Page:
Touch and hearing are very distinct, but German scientists have found a possible genetic link between the two sensory systems.
Superficially, the two senses might seem worlds apart, but both rely on the ability to translate motions - vibrations in the ear and movement and pressure on the skin - into signals to the brain. A common set of molecules or mechanisms might be at work.
To determine if touch sensitivity can be inherited genetically, Henning Frenzel of the Max-Delbruck Center for Molecular Medicine and his colleagues first examined 100 pairs of fraternal and identical twins in a study outlined in the journal PLoS Biology in Tuesday.
They tested the twins on two kinds of touch sensitivity traits: "vibration detection threshold," or how low a vibration the subject could detect with their pinky finger; and "tactile acuity," or the ability to distinguish between two pressure points on the skin that are very close together.
Since the identical twins are genetically identical and the fraternal twins share up to 50 percent of the same genes, any genetic effect on touch should be more pronounced in the former.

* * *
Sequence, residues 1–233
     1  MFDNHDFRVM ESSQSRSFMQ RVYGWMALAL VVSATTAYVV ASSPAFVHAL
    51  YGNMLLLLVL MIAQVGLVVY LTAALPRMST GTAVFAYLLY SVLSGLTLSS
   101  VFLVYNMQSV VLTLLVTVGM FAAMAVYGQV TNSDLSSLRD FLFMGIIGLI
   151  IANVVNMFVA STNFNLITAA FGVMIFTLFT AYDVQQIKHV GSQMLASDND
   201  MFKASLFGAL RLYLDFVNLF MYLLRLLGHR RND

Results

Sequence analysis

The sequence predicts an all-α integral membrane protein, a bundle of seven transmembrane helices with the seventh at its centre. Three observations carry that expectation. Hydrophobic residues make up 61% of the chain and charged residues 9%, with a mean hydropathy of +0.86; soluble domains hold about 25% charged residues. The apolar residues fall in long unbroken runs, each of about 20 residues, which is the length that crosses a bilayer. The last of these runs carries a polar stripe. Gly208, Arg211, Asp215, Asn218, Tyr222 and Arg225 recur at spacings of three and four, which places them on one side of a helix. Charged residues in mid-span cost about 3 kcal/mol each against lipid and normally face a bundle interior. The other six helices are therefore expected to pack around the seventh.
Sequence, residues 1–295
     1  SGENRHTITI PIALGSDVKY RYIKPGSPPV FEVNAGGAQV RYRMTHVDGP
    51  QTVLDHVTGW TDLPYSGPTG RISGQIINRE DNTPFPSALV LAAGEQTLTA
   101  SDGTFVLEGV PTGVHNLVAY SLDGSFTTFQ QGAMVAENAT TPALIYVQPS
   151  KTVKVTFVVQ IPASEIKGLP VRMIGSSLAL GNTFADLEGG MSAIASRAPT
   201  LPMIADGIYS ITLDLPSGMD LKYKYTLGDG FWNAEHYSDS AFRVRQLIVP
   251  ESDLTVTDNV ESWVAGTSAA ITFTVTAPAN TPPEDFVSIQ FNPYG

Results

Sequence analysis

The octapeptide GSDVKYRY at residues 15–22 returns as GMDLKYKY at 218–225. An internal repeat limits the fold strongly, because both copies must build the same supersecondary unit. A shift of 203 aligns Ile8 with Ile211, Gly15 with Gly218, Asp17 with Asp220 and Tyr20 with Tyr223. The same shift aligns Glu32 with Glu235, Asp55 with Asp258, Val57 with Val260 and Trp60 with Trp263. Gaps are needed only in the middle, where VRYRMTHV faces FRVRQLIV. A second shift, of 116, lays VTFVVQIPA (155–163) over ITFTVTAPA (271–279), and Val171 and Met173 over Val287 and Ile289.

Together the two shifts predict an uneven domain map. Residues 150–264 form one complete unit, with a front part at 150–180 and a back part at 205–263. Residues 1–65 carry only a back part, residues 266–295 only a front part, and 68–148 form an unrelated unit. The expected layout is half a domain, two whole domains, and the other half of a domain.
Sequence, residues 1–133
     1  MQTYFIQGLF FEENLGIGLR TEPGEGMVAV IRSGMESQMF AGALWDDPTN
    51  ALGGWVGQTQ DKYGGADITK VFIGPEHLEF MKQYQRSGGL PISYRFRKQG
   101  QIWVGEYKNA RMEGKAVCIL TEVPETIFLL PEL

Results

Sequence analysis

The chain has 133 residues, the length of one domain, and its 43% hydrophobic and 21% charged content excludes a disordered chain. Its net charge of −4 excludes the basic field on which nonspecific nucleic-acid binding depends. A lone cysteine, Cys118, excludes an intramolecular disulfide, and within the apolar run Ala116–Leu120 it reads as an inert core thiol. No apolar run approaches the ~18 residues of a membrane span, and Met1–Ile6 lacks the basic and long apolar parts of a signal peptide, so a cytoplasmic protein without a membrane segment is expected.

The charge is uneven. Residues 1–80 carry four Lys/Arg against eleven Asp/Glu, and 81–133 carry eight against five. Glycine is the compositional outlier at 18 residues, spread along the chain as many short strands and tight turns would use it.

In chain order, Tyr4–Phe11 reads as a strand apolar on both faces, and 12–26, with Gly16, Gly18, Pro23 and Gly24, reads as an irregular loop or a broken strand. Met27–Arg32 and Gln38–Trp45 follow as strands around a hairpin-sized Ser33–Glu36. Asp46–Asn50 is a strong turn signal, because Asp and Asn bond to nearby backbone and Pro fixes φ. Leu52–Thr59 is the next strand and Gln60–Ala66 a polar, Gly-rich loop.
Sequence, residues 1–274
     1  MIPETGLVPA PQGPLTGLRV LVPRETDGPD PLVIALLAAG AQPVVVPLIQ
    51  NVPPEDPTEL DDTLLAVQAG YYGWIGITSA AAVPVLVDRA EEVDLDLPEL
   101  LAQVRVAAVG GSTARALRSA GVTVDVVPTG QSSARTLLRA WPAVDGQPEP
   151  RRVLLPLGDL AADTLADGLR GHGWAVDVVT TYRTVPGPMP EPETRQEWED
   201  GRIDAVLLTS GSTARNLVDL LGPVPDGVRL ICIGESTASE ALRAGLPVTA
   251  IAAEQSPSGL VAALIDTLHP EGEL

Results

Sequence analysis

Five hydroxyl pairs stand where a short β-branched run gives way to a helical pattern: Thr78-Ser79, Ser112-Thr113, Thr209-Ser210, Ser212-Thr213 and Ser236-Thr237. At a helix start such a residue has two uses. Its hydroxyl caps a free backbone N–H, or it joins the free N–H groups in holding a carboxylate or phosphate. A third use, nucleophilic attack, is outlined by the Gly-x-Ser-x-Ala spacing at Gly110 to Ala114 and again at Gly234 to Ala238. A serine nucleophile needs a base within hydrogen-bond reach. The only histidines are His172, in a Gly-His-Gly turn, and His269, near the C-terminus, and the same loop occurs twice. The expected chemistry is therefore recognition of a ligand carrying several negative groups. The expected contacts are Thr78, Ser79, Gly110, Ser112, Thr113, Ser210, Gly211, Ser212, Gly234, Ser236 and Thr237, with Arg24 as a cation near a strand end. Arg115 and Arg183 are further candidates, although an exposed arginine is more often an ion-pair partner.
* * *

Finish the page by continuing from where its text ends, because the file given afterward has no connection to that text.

Next, Frenzel and his team calculated the heritability of the two traits, a figure that explains the degree to which genetic variation contributed to the variation in the traits seen in the subjects. On average, 28 percent of the differences in tactile acuity and 52 percent of the differences in vibration detection could be chalked up to genetic influence.
Original citation: Frenzel, H., Bohlender, J., Pinsker, K., Wohlleben, B., Tank, J., et al. (2012). A Genetic Basis for Mechanosensory Traits in Humans, PLoS Biol 10(5): e1001318. doi:10.1371/journal.pbio.1001318
In : Auditory